Medtronic has had two pieces of news regarding its CoreValve transcatheter aortic valve replacement system in the last 24 hours so, one not so good, and the other pleasantly surprising.
The Minnesota medical technology company announced Thursday that a U.S. federal court ruled that the company has wilfully infringed on Edwards Lifesciences’ patent for transcatheter heart valve treatment and would have to pay more than $390 million in damages to the California company.
The news Friday was markedly different.
Medtronic announced that it has received the widely-anticipated FDA approval of CoreValve. Although widely anticipated, per the company’s own guidance, analysts were expecting an approval in April. In the end, the FDA approved it three months sooner, without an independent advisory panel review of CoreValve.
The product is approved for patients who are too sick to undergo invasive, open-heart surgery. A separate review of the so-called high risk patients will be undertaken by the FDA.
Clinical results have shown that a majority of aortic stenosis patients who were implanted with CoreValve TAVR system were alive at one year following the procedure. The rate of stroke at one year was also low - at 4.1%.
"The low rates of stroke and valve leakage with the CoreValve System - two of the most concerning complications of valve replacement because they increase the risk of death and have a dramatic impact on quality of life - set a new standard for transcatheter valves," said Jeffrey J. Popma, M.D., director of Interventional Cardiology at the Beth Israel Deaconess Medical Center, Boston, and co-principal investigator of the Trial, in a news release.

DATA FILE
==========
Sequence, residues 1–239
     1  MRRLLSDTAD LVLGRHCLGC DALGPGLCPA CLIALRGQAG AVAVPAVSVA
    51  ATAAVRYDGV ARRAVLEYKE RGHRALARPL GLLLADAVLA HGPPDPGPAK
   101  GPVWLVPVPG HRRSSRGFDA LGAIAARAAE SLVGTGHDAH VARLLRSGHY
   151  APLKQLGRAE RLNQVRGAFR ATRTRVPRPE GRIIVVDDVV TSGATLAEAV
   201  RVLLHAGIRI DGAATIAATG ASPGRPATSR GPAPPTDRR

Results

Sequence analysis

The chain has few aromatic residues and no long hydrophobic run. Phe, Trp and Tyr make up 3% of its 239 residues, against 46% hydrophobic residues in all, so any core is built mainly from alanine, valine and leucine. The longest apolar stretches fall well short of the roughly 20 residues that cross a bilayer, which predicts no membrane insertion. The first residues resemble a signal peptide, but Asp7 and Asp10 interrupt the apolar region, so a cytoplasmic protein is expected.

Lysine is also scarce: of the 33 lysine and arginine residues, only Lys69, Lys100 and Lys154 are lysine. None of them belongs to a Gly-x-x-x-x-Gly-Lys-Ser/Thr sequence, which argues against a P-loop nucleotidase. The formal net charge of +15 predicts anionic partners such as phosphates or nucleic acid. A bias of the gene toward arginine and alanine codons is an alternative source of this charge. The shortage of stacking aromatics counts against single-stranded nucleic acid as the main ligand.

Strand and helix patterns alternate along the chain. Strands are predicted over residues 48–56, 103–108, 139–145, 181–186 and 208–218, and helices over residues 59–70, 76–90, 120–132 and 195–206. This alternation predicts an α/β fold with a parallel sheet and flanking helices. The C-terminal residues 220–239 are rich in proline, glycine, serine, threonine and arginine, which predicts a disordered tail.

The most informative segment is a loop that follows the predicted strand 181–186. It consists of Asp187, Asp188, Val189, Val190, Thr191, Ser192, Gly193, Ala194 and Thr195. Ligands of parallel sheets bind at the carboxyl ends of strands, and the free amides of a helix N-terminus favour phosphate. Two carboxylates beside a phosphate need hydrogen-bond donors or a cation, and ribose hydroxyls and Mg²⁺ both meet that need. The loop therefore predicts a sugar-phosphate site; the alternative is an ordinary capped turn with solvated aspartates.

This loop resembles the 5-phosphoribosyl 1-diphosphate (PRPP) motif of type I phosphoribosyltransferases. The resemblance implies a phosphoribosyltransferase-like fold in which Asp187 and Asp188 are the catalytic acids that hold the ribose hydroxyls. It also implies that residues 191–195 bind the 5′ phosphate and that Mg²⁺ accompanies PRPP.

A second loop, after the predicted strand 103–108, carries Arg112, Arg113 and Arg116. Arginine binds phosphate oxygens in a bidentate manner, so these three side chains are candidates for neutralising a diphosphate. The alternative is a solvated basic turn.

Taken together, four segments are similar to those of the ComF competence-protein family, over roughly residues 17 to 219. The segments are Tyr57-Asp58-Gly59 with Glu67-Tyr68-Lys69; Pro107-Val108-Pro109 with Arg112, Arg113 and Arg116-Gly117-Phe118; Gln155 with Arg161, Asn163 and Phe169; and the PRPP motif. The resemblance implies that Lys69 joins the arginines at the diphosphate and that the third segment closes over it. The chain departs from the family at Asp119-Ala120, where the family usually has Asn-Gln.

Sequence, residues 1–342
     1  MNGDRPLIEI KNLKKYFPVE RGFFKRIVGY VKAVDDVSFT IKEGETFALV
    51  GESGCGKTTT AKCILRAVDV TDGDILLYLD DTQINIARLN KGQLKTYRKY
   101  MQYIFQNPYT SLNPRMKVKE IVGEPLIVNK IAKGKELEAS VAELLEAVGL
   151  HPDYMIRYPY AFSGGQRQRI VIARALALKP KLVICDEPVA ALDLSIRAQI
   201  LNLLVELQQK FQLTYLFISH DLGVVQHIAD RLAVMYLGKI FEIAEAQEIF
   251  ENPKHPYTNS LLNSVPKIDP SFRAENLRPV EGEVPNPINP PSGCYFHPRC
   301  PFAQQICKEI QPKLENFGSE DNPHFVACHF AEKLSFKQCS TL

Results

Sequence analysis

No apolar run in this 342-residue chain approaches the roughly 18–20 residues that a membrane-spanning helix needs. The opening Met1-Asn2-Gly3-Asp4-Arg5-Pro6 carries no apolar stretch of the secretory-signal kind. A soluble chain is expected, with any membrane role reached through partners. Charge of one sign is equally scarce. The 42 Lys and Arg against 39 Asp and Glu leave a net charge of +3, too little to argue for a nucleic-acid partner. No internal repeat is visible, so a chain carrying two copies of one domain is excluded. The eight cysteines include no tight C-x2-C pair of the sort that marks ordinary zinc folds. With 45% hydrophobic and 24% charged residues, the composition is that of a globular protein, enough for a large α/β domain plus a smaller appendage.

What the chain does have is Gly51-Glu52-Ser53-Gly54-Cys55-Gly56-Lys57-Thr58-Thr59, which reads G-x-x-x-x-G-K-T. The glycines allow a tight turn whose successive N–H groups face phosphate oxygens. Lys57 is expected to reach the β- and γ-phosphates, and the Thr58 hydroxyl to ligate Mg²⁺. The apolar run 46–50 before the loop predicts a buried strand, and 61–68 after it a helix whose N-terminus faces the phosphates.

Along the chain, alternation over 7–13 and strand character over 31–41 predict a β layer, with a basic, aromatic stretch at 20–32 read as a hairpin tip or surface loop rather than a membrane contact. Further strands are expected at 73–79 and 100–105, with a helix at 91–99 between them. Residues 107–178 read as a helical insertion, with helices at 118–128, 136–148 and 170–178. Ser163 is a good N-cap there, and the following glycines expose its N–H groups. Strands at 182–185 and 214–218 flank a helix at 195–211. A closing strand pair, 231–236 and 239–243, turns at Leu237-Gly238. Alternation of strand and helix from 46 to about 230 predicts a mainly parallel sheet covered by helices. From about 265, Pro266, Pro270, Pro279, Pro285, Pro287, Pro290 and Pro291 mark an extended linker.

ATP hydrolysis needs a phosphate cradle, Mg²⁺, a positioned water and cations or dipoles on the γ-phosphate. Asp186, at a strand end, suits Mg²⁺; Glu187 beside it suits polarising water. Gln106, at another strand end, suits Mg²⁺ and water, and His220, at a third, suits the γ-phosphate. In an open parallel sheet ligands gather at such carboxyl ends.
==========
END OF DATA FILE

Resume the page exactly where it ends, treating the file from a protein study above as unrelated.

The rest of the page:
Now that Medtronic has approval, it will directly compete with Edwards Lifesciences’ Sapien TAVR system, which had first-mover advantage since Nov. 2011 when FDA approved it.
But Glenn Novarro, senior analyst with RBC Capital Markets, said that the tables will turn at least for the next few months. That’s because Medtronic now will deliver the heart valves using the smallest delivery system. Edwards is hoping to introduce the Sapien XT, which has an even smaller profile in a few months, which means Medtronic has an edge for now.
Meanwhile, in a statement Friday, Edwards implied that it is more than ready to adjust to a new market competitor.
We have known that Medtronic has been pursuing approval in the U.S. for many year and have assumed that others would eventually come, as well. We received FDA approval of the Sapien valve for inoperable patients in November 2011, and an expanded indication in October 2012 to treat high-risk patients. At our investor conference, we discussed that we have modeled a U.S. competitor with a device to treat inoperable patients very early in 2014. We look forward to the approval of our next-generation Edwards Sapien XT valve, and are very pleased with the progress we shared this week on the U.S. clinical trials of our SAPIEN 3 valve, so that we can help even more patients with severe aortic stenosis.
[Photo Credit: Medtronic]